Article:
Laugh. Be Merry. Live With Joy!Dan Doyle
Have you ever thought about laughter? It’s such a lovely, strange, wonderful, human capacity. It is a uniquely human attribute. We’re the only beings in creation who laugh. And it is not a one dimensional thing either. We laugh at jokes and at the recognition of silliness. We chuckle, chortle, guffaw, giggle, and cackle. We laugh quietly to ourselves, and we laugh out loud with others, uproariously.
Of course, even laughter can have a dark side. C.S. Lewis in one of his Screwtape Letters gives us a sense of how even laughter can be used sinfully. How we can laugh at others failures, we can demean them with our laughter. We can laugh at the expense of others, or frivolously at bawdy humor. In other words, in our fallen condition we can laugh at the suffering of others and sin doing so.
But laughter in its most human, most healthy sense, is one of life’s greatest gifts. To see the funny side of life is one of the most endearing of human qualities. To be able to laugh at ourselves shows a true capacity for mature, comfortable humility. Laughter is a source of joyful pleasure, or simply the outward expression of true happiness.
What is even more interesting is that this most unique of human of gifts is directly from God. What does this reveal to us about God? If we are, as the scriptures say, “made in the image and likeness of God,” does this not imply that the gift of humor and laughter is of God, not just from God?
It is not hard for us to imagine that Jesus knew the pleasure of laughter. The Gospels give us only vignettes of the life of Jesus, especially from his three years of public ministry. They do not cover every moment of his life. They do not tell us about the very human moments of laughter and joy he would have had with his mother and father, Mary and Joseph, or the quiet times he must have had with his friends and his disciples as they walked from place to place, or when they were together around a fire in the evenings. In his humanity, we can believe, without hesitation, that he would have enjoyed the company of others and would have been able to laugh at the foibles of human character.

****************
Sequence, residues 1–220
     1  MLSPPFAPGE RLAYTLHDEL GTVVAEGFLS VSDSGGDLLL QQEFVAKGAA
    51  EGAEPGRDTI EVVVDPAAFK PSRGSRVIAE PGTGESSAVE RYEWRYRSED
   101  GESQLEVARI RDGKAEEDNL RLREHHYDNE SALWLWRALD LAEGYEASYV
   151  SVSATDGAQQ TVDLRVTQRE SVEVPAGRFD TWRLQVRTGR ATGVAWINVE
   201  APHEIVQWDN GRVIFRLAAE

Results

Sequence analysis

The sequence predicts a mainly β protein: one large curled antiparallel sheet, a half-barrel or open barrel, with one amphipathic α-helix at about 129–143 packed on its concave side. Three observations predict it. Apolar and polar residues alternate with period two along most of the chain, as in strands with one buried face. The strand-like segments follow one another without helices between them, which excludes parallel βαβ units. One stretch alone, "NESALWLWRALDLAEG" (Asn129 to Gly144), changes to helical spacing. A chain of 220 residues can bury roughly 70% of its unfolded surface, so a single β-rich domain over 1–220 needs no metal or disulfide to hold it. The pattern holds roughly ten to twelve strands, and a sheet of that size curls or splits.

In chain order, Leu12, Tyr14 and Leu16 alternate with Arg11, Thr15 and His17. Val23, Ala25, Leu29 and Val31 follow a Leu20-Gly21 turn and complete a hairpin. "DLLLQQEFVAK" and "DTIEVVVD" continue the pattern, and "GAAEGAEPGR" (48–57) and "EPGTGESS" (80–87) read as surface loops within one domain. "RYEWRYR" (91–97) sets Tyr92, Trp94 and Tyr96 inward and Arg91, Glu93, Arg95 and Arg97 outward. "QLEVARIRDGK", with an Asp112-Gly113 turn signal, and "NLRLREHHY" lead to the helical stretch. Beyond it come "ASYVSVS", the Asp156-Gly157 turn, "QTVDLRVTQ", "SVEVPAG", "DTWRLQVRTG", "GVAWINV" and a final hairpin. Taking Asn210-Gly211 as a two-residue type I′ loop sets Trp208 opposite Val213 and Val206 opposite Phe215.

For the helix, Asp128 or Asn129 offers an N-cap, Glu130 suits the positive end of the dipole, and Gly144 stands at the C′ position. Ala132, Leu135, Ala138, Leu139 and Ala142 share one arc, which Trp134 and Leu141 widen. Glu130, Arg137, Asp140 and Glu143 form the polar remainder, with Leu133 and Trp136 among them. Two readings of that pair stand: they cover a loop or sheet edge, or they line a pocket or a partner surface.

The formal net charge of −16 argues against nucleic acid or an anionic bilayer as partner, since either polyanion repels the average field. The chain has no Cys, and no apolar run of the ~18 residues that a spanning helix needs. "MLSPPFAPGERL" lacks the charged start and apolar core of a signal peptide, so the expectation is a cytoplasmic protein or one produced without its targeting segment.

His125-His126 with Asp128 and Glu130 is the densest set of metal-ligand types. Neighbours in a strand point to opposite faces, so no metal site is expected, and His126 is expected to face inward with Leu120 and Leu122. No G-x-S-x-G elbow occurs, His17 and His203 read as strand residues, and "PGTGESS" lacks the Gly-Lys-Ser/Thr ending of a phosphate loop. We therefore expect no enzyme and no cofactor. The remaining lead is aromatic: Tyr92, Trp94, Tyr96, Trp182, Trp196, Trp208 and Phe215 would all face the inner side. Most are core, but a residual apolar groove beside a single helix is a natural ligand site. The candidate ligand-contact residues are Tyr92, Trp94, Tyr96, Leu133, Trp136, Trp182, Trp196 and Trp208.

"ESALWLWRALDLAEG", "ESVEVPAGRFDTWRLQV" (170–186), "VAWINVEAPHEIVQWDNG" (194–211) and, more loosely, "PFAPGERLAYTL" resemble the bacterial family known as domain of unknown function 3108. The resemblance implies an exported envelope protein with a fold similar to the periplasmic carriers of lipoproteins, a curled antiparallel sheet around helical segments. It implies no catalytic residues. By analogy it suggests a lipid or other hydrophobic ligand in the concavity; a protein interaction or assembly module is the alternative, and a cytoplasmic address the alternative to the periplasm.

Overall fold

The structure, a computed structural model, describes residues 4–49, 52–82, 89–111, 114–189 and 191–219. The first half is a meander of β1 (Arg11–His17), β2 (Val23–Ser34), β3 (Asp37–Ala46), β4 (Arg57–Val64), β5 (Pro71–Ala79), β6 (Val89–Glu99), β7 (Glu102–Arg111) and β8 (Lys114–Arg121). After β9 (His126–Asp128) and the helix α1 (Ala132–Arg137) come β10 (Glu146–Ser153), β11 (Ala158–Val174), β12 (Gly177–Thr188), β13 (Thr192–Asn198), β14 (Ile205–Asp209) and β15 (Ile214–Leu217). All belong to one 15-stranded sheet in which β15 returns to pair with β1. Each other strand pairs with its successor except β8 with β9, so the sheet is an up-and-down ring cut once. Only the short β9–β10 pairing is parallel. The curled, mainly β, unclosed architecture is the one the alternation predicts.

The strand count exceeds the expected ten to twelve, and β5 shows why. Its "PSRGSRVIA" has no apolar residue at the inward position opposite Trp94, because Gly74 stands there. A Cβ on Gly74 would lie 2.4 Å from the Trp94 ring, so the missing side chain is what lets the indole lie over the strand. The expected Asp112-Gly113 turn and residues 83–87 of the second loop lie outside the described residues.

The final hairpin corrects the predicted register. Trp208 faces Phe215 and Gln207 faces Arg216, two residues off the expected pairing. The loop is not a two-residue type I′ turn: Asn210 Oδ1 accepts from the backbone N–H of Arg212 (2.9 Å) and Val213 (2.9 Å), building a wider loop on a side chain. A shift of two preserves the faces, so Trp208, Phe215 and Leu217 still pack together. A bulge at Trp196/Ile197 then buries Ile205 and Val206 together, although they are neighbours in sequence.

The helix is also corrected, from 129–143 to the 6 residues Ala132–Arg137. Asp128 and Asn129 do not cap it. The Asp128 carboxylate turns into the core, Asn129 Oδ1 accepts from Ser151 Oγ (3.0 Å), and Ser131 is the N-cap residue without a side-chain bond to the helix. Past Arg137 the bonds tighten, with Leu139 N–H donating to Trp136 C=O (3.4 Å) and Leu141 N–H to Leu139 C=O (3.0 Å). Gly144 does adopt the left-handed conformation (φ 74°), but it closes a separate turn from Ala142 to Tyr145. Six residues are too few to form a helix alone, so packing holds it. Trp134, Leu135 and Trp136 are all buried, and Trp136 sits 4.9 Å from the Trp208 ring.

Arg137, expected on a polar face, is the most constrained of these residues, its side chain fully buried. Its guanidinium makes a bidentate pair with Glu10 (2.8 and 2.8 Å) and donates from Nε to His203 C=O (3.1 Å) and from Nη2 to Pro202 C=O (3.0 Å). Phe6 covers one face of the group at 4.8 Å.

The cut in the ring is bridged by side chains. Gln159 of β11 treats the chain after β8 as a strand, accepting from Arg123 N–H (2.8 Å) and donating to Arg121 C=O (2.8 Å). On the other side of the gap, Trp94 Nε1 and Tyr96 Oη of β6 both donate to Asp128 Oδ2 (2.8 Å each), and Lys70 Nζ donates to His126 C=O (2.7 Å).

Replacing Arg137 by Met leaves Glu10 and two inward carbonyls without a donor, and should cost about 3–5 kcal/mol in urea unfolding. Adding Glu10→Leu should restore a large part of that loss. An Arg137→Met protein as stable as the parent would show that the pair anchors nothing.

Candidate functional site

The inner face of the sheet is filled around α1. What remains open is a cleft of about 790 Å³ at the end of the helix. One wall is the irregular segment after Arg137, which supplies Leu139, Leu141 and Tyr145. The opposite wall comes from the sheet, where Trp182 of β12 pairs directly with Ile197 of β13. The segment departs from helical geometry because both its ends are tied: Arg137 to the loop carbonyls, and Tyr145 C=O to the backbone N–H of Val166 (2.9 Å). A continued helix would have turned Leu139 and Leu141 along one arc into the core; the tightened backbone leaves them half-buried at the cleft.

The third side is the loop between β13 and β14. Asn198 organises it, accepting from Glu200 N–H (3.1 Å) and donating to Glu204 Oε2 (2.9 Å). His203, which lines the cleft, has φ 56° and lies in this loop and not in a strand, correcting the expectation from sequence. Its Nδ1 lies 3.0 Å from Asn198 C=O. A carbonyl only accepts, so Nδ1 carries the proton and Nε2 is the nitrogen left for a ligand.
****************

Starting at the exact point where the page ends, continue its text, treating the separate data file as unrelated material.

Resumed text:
Joy is central to the Nature of God. When God finished creating all things out of nothing, out of His perfect Nature, He stood back and declared, “It is good.” Could that hum that scientists have recorded in the vastness of space, that poets and composers have called, “the music of the spheres,” be the reverberating sound of God’s creative laughter, still rippling through the entirety of the universe?
If a Christian is not filled with joy and laughter in his or her faith, something is missing. If Christians cannot laugh at themselves when they fall short of the ideal, something is surely missing. If Christians cannot laugh at their sometimes foolish and silly reasons for sinning, something is wrong. If a Christian takes him or herself too seriously and cannot abide anything but dour, serious, condemnation of a dark world, something is terribly wrong.
God created out of love, out of the joy that enlivens and inspires love. It is a fact, of course, that humanity is fallen, that suffering is real, and that it is a result of human foolishness, which is, ultimately, the result of pride. But Christians also know that, because God loved us, he sent his only begotten Son into this world to redeem us out of that love, to heal that broken relationship. We will not, of course, avoid suffering, because we are human and fallen, but we know that we are forgiven, that the gates of Paradise have been opened for us again, by and through the love of God. All of this is a matter of pure joy!
As Christians let us learn to laugh for joy, precisely because we know God and his love for all of us and all of his creation. Let us learn to laugh at ourselves when we act foolishly. This can only come from a healthy humility. Let us laugh because we know that, even though we are foolish at times, God’s love is unconditional and infinite, that He forgives us joyfully when we turn to Him in humble recognition of our foolishness. Let us laugh because our faith is rich and full and rooted in that knowledge that God is love, infinitely.
Dan Doyle is a retired professor of English and Humanities. He taught 13 years at the high school level and 22 years at the university level. He spends his time now babysitting his granddaughter. He is a poet and a blogger as well. Dan holds an AA degree in English Literature, a BA in Comparative Literature, and an MA in Theology. To read more of Dan’s work, click here.